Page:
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Angels hire new GM, September 24, 1968

September 24, 2008 |  8:00 am

Walsh named Angel general manager

'I think that the sun will be shining very soon in Anaheim.' -- Bill Rigney, Angel field manager

Peggy Fleming at the Fabulous Forum!

1968_september_24 By Keith Thursby
Times staff writer

The first time the Angels looked to the Dodgers for new leadership, it didn't work out too well.
Dick Walsh had a long career with the Dodgers and was a key executive during the team's early years in Los Angeles. He was commissioner of the North American Soccer League when the Angels hired him to replace the team's original general manager, Fred Haney.
"In Dick Walsh we have acquired one of the bright young minds in baseball," team president Robert Reynolds told The Times' Ross Newhan. "We are happy that he is returning to his first love."
Walsh looked like a perfect choice. He was only 43, had run a professional sports league and had baseball experience with a winning franchise.
"I will not trade just for the sake of making a trade," Walsh told Newhan. "As for the future, I think the Angels' basic need is in the area of hitting. Jim Fregosi and Rick Reichardt give us a nucleus and we must build on that."
The Times' story on Walsh's hiring included the news that Manager Bill Rigney signed a new two-year contract. "I think that the sun will be shining very soon in Anaheim," Rigney said.
A few days later, The Times had a small story on the Angels signing another former Dodger employee, Harold (Lefty) Phillips as director of player personnel. He would replace Rigney and become the Angels' second manager early in the 1969 season.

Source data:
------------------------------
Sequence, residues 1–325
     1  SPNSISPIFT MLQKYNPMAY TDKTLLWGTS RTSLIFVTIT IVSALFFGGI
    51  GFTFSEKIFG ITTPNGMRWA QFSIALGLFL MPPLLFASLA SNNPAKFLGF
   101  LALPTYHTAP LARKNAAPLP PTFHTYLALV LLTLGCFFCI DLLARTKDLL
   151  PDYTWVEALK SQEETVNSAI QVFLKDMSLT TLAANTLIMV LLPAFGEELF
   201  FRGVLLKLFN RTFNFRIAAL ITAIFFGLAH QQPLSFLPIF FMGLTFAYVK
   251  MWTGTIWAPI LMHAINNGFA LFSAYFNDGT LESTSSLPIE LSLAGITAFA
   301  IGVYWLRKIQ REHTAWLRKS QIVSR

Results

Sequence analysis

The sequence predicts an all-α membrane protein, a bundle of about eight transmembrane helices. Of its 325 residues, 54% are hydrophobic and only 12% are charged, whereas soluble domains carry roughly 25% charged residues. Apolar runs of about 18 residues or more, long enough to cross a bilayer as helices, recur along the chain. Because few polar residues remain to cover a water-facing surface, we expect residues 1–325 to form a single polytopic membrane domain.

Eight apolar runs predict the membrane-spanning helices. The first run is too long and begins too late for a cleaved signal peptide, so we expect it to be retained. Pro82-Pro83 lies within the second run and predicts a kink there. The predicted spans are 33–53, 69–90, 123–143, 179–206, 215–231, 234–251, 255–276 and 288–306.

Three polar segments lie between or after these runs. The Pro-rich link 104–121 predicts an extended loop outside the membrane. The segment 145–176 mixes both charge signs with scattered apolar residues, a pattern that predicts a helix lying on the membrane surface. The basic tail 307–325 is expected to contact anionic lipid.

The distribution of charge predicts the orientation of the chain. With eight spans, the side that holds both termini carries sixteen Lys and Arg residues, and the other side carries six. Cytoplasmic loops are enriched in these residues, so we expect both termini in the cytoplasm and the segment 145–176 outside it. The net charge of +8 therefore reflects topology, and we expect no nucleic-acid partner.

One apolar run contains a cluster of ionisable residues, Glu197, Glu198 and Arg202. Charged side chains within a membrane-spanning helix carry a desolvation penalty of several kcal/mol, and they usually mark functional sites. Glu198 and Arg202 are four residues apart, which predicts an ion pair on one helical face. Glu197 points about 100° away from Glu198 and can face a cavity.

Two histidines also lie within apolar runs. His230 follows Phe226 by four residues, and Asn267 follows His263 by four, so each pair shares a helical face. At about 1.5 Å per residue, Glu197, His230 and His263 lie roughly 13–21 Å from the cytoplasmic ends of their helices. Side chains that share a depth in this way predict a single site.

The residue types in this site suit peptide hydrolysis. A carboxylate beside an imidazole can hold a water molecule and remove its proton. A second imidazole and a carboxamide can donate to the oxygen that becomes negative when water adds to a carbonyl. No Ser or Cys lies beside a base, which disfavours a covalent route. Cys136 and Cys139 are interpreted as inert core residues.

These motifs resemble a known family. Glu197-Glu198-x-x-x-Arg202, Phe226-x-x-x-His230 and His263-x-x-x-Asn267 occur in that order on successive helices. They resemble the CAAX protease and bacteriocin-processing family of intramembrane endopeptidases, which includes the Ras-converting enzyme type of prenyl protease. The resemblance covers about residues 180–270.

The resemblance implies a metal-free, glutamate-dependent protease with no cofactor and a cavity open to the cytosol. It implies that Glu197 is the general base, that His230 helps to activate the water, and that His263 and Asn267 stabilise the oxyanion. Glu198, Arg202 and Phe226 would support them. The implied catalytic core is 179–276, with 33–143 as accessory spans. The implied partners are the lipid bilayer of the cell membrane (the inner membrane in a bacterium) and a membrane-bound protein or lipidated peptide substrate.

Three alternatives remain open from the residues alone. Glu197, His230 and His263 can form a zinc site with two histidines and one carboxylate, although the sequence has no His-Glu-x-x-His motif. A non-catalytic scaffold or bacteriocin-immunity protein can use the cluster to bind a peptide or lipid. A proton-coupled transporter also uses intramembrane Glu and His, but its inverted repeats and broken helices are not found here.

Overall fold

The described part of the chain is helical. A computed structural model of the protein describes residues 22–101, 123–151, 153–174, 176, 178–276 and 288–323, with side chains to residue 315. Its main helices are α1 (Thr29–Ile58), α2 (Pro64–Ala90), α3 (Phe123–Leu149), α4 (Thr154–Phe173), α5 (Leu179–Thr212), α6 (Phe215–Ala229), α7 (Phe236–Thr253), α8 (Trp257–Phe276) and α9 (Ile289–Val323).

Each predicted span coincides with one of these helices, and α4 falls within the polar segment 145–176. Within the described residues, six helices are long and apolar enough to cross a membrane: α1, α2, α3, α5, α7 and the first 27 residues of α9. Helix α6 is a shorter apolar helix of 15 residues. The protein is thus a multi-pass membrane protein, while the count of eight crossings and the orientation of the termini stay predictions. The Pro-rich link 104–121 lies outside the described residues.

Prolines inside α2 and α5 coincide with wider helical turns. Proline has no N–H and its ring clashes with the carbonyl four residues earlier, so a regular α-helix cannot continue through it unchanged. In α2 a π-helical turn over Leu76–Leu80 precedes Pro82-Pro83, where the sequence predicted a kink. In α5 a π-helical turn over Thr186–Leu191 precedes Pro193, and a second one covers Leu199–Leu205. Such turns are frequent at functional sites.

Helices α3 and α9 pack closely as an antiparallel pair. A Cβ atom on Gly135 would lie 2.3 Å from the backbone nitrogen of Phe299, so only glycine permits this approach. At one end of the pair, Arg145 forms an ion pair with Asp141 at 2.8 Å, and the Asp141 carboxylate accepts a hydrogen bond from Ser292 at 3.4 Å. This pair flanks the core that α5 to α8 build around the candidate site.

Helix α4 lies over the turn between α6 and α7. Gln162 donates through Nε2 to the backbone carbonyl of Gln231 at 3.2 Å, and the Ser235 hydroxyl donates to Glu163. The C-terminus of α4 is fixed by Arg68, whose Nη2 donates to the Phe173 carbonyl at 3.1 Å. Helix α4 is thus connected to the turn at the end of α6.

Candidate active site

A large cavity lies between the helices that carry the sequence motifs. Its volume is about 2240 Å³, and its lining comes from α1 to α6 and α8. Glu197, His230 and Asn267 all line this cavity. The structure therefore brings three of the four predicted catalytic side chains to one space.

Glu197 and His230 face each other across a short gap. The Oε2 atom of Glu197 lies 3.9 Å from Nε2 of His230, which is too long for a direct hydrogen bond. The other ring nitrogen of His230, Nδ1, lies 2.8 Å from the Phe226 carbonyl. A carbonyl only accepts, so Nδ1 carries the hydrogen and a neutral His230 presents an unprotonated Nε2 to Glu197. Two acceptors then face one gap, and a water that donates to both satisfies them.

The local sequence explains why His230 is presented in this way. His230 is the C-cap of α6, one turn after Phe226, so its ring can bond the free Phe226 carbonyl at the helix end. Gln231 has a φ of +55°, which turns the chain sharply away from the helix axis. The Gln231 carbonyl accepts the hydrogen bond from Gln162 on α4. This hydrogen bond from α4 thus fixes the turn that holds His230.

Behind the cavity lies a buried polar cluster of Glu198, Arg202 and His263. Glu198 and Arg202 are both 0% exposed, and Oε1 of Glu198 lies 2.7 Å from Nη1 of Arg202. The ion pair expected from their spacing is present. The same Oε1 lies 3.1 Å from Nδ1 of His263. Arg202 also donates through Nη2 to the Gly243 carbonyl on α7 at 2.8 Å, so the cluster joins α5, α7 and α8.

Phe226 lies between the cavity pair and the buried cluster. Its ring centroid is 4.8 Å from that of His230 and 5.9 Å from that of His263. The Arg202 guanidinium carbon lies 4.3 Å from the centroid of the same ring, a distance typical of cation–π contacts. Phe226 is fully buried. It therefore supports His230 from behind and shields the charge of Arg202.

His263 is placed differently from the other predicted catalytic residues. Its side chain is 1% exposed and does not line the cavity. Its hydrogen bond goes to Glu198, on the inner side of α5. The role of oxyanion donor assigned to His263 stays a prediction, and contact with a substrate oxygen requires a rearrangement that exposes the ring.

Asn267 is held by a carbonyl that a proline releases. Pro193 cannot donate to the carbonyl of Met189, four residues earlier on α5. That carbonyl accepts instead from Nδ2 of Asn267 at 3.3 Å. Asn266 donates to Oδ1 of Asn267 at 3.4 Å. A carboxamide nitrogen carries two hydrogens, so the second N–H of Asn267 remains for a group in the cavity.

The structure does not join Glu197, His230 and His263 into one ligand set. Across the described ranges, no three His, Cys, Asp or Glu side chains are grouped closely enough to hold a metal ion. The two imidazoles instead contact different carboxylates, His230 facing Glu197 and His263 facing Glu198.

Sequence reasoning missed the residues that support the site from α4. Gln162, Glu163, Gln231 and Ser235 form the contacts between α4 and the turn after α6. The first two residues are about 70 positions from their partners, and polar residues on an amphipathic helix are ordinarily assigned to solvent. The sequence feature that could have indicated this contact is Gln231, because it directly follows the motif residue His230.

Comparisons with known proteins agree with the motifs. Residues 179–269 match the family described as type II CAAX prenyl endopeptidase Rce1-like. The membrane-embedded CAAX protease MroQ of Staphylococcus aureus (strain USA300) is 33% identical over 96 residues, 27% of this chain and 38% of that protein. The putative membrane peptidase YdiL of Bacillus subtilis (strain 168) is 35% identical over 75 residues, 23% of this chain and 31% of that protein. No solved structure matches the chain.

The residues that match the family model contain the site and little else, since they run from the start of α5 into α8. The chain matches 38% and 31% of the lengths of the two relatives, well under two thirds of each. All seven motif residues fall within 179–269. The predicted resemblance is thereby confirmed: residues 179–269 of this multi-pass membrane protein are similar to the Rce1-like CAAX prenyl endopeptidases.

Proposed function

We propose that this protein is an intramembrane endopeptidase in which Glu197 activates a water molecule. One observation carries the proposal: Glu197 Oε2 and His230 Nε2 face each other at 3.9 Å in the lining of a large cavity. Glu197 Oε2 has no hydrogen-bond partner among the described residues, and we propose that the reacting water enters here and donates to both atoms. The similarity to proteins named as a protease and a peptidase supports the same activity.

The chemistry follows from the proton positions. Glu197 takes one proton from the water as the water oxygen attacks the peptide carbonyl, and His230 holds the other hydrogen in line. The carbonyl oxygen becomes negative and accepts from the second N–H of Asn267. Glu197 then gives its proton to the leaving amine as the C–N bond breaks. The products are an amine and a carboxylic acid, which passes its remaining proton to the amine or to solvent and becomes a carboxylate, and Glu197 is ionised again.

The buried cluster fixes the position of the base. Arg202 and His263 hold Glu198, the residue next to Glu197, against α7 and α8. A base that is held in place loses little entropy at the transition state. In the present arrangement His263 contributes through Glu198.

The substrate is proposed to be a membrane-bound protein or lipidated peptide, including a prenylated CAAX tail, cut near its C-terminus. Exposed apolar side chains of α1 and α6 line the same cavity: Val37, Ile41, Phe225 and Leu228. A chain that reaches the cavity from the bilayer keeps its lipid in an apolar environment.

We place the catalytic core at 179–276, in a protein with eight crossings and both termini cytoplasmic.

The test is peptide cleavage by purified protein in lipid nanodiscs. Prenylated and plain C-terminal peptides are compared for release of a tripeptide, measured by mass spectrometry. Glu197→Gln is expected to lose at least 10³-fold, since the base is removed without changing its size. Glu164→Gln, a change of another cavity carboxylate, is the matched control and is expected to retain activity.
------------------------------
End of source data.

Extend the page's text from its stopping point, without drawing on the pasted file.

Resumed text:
The Walsh/Phillips era in Anaheim was short and not so sweet.
Walsh made several trades, the biggest involving Alex Johnson, Tony Conigliaro, Sandy Alomar and Ken McMullen. Johnson won a batting title with the Angels but seemed to be in constant trouble. Conigliaro, a star with the Red Sox who was severely injured when he was beaned by the Angels' Jack Hamilton, didn't even last a season in Anaheim. Alomar cost the Angels popular second baseman Bobby Knoop, but Alomar was a solid player and younger and faster than Knoop. McMullen had one solid season for the Angels, but was traded to the Dodgers after the 1972 season in a huge deal that involved Frank Robinson, Andy Messersmith and Bobby Valentine among others.
Walsh was fired by the Angels in the fall of 1971. Phillips had already been let go. "There were so many different things," Gene Autry told The Times in a story that ran Oct. 21. "It wasn't the trades he made. Anybody could come up bad on trades. But for the good of the team and the morale of the team and the employees, we had to make a change."